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Third Party Order Fulfillment Portal

Third Party Order Fulfillment Portal


his project envisages provision of e-commerce for people in continent B countries who cannot do such transactions in normal course with US based online retailers as shipments from such web based stores requiring the customer to have a credit / debit card with US address.

Project Description :

This Client Z was looking for development of this project to envisages provision of e-commerce for people in continent B countries who cannot do such transactions in normal course with US based online retailers as shipments from such web based stores where the customer should have a credit / debit card with US address. The core proposition of this application was to provide Client Z's USA debit card registered with VISA to continent B countries customers with shipping / billing address associated with card as the address of Client Z in USA

Hence customers can top up their debit cards by depositing funds in their local branch which was a partner bank (example X Bank, continent B country) of Client Z. The customer account was maintained by the USA branch of the partner bank (example Y Bank, New York) with address as the US address of Client Z. The customer can do Internet payments and transactions, some of which has result in shipment of goods to delivery Client Z's Hub USA. Goods arriving at USA hub were bar-coded, linked to customer accounts and shipped via courier service provider to customer's address in continent B countries with integration to courier services provider API for easy tracking. Customer account data can be browsed by Client Z's employees and call center / support personnel.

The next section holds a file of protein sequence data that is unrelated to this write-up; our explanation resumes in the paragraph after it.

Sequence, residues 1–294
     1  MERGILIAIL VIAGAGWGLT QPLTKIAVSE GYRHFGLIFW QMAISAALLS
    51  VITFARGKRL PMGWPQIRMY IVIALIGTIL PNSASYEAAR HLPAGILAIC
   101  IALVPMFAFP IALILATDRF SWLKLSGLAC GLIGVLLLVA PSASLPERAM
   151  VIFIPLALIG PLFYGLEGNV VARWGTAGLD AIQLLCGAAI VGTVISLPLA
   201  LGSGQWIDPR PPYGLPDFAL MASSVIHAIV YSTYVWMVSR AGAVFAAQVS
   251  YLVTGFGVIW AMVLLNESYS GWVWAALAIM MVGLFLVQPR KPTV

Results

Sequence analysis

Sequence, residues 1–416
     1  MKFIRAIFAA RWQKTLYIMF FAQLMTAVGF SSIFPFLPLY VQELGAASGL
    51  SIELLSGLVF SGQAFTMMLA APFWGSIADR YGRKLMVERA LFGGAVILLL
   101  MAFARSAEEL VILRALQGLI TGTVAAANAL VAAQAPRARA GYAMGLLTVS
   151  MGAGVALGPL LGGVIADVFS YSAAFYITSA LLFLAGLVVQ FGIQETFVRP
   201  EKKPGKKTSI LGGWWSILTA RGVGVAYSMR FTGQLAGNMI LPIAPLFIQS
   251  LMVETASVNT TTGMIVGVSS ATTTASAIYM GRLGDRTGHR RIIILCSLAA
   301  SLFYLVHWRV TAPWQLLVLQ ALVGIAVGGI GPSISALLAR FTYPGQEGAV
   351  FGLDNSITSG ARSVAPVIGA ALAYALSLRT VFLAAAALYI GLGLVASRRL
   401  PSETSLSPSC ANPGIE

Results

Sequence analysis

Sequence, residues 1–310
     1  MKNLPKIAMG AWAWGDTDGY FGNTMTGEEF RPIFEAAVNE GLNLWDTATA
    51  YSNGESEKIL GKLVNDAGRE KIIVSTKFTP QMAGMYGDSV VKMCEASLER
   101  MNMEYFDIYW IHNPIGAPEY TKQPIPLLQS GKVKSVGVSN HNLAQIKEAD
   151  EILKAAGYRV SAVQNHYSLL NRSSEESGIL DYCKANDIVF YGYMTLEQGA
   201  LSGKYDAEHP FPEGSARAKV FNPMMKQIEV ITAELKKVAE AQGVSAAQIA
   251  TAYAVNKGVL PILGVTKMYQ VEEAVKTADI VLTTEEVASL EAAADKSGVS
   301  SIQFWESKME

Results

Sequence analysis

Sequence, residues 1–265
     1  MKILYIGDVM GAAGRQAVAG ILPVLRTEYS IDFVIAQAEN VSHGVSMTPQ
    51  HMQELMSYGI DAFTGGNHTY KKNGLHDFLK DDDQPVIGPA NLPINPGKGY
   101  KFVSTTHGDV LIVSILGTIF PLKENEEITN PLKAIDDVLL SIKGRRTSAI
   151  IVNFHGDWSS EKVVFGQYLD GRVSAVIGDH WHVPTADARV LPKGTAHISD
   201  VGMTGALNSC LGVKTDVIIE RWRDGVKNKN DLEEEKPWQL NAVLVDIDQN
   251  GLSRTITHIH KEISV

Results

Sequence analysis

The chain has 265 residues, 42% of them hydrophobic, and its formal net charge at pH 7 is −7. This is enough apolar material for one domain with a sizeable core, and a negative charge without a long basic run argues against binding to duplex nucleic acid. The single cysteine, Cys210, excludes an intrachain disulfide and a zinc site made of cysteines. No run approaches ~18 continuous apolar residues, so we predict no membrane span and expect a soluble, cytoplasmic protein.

Capability Analysis:

The purpose of this application was to enable people in continent B countries, who do not possess credit cards, to shop on internet e-commerce sites and receive shipped goods from US to their home locations via the US based delivery hubs of Client Z. The key point was that in order for such a transaction to happen the debit card address must be a US address. In order to implement this vision, the Client Z had created the following arrangement with continent B country bank which has branches in both continent B as well as in USA:

  1. If a customer in continent B country wants to visit a branch office of X Bank of continent B county, he fills in an application on paper and hands it over to cashier with an initial deposit.
  2. The bank cashier, who is an authorized user of the Client Z application, enters the customer details provided into a registration form and requests the card issuing department to create / emboss a debit card for the customer. A login on Client Z web app was also issued to the customer.
  3. The customer account is created in X bank-New York with Client Z's primary address and actual customer address in continent B country as the secondary shipping address. The issued debit card was registered with Visa so that the customer can now make purchases on the Internet e-commerce sites.
  4. Some of these Internet purchases done by the customer using the Client Z's card has involved shipments for which the address was the US address of Client Z. After purchase, these shipments would arrive at Client Z's delivery hub from the Internet merchant with whom the customer did the transaction.